However, don’t neglect the need to create a backup of your existing data. It’s good to have one that you use for the migration process and a separate backup on different media just in case. Your vendor may supply the migration backup and data management, but won’t necessarily keep an additional record of your original data available to you.
To prepare for the data migration process, call on your database administrator and on-site engineer to ensure that data formats and aspects are not lost in translation as you move between systems.
Train your staff
Training your staff to use your new WMS can take three to five full days and require some shift work in many cases, so that your team can learn, practice, and have time to ask questions about the new system.
Identifying warehouse leaders and experts with a penchant for technology can increase your success rate. These power users may be able to learn the system faster and provide greater assistance to other employees during the training and after you go live.
Before you deploy your new WMS, you should test it to identify any system defects and put its functions through their paces. This is typically carried out with actual warehouse data, which lets you compare results between both the old and the new system. Various warehousing scenarios are put to the test and bugs in the system are fixed by the cloud WMS implementation team, in conjunction with your vendor and/or planning consultant. Your WMS vendor should address any bugs in the system’s configuration at this stage.
After testing and modifications, the implementation of the warehouse management system reaches its critical stage in the deployment. On an agreed date, an accurate data snapshot of warehouse data is uploaded to the database of the new WMS and work begins using the new system. At times both systems are used at the same time for certain processes to ensure data accuracy.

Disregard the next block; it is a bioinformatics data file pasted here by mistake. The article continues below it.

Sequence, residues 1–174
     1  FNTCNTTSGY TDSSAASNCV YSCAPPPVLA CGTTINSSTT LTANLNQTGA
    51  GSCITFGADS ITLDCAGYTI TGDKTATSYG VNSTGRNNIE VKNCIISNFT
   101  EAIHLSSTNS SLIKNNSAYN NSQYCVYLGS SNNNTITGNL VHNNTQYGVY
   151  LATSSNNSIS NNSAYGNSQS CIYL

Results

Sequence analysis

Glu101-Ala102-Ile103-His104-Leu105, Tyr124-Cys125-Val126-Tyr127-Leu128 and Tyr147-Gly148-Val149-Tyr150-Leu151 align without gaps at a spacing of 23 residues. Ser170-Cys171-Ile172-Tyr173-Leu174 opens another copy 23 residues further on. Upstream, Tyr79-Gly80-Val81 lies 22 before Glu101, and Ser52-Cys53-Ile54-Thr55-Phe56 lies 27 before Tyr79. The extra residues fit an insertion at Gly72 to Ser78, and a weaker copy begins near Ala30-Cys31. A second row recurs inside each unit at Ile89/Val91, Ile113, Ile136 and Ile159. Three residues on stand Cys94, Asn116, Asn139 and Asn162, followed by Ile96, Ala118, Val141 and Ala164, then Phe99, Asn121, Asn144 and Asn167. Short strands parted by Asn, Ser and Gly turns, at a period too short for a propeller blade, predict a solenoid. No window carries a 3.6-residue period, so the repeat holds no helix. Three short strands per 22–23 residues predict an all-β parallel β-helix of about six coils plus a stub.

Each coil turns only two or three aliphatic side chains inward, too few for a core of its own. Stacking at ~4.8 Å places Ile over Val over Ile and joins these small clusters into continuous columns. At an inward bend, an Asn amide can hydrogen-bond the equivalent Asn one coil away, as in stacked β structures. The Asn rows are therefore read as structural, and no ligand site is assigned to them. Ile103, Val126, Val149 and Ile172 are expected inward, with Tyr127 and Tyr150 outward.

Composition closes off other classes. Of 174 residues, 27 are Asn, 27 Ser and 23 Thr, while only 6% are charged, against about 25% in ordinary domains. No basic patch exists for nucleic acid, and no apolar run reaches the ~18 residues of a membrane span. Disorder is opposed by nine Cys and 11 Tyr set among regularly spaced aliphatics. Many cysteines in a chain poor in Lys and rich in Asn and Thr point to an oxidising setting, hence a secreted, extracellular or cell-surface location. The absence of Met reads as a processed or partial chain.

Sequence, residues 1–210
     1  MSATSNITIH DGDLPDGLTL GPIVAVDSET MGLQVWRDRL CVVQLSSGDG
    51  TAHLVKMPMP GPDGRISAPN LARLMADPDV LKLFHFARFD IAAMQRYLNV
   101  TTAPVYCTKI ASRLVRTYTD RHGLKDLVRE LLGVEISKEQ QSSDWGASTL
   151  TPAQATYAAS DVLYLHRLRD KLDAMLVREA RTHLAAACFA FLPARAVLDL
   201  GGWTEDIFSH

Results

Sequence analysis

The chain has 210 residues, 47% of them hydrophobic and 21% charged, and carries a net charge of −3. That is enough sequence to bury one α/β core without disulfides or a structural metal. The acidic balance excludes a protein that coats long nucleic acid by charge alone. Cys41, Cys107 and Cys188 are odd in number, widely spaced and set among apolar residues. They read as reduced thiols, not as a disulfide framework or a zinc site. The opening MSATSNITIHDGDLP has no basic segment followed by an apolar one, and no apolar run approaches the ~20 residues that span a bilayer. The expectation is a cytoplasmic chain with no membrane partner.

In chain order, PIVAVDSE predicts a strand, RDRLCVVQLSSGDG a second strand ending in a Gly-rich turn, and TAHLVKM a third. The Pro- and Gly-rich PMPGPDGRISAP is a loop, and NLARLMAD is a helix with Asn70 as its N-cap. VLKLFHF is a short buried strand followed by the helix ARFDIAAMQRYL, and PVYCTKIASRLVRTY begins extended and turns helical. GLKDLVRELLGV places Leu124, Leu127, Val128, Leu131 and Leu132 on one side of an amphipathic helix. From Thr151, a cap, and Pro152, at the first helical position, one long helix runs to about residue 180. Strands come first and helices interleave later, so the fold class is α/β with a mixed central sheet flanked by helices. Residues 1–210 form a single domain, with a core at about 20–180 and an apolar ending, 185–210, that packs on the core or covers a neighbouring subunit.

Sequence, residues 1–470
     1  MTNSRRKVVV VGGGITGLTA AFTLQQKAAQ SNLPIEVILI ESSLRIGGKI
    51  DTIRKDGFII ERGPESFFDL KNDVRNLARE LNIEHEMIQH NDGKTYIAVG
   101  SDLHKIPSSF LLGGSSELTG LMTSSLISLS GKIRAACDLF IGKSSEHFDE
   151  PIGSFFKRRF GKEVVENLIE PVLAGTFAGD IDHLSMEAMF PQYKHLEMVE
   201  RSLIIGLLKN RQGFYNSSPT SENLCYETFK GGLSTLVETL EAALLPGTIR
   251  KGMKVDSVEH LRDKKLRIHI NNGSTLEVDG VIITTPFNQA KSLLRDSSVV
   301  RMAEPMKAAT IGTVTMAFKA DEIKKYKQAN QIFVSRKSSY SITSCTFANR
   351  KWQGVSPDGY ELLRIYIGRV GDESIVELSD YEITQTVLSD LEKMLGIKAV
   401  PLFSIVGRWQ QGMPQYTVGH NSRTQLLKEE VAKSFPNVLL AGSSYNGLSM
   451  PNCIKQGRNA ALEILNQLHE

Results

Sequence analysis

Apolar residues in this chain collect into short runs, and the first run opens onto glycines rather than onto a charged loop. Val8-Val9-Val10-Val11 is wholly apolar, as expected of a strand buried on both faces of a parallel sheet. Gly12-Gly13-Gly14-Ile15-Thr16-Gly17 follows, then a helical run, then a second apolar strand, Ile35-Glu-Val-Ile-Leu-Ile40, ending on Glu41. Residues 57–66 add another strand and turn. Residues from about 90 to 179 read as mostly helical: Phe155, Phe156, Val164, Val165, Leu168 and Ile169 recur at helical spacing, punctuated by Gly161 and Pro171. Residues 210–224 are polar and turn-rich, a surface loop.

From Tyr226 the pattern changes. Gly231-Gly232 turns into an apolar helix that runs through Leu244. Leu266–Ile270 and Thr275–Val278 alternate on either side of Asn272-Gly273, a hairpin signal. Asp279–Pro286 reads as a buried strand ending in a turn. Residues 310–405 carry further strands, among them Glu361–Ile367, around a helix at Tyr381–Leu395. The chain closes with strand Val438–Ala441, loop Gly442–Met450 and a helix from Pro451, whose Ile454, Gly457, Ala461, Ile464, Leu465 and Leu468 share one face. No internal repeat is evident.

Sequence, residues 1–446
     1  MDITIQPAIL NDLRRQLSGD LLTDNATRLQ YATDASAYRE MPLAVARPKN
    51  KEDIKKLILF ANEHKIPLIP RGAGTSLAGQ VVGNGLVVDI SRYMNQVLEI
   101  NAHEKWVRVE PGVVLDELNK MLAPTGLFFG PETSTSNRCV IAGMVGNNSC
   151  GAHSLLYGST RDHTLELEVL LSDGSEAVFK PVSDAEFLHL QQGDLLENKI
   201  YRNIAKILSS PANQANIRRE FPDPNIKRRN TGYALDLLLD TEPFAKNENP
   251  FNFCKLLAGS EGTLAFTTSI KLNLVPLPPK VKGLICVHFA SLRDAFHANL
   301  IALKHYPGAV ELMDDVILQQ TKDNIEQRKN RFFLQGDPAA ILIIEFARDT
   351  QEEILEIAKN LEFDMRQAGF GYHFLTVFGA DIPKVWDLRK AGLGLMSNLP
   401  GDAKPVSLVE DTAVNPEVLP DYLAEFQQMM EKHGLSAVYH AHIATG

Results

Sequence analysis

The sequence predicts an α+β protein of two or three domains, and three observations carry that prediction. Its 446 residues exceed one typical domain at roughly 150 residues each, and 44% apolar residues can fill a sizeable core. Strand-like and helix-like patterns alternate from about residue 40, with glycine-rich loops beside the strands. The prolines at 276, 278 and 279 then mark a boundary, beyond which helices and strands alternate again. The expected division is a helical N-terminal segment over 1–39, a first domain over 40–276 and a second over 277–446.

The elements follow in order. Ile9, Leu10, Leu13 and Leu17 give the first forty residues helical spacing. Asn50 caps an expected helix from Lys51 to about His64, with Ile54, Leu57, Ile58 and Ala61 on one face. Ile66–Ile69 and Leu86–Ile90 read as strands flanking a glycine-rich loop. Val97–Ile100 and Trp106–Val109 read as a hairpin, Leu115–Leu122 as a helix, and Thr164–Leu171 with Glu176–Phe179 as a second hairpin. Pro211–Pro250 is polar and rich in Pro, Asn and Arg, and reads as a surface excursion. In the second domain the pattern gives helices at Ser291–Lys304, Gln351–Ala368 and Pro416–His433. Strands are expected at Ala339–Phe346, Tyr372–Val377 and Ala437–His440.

Review your WMS implementation for success
Now it’s time to evaluate your WMS implementation. The dangers of WMS implementation are significant, and you will definitely know outright failure or success within a short span of time.
- Revenue gains are part of the traditional ROI calculation, where you see a variety of cost reductions or business increases related to how well your warehouse performed.
- Productivity improvements will hopefully come in two flavours after your WMS implementation: decreases in mistakes your team makes (like inventory counts) and increases in overall productivity.
- Client satisfaction can also be easier to track, especially if your WMS is showing that you’re getting more orders out the door on time and that they’re being fulfilled properly.
One added benefit that occurs for some teams implementing a new WMS is that they learn more about their inventory and demand forecasting. This can allow them to reduce inventory on hand and optimise their resupply orders so they’re ultimately paying less to store additional goods.
Preparation is the key to success, or you’ll end up seeing cost increases that you didn’t plan for additional headaches in the warehouse and demotivated staff.
Working with a recently implemented warehouse management system often reveals issues that were not addressed during implementation. Support is an important part of a successful project because the complexity of a warehouse management system project always demands solutions to problems that arise during operation. This is where a cloud based WMS provider like Clarus can assist in your successful cloud WMS implementation.
Speak to one of our team to understand how Clarus’ WMS system can cost effectively support best practice warehouse management processes, better customer service and highly efficient working for a range of warehouse operations with pay per month options and no IT infrastructure needed.
Our platform can scale from a one user, small depot system to a 100’s of user distribution centre operation. The ClarusWMS platform will cost effectively scale with your business based on demand.
ClarusWMS is a UK based supplier of warehouse management solutions with a wealth of industry experience in third party logistics, wholesale / retail distribution, online fulfillment and manufacturing warehousing.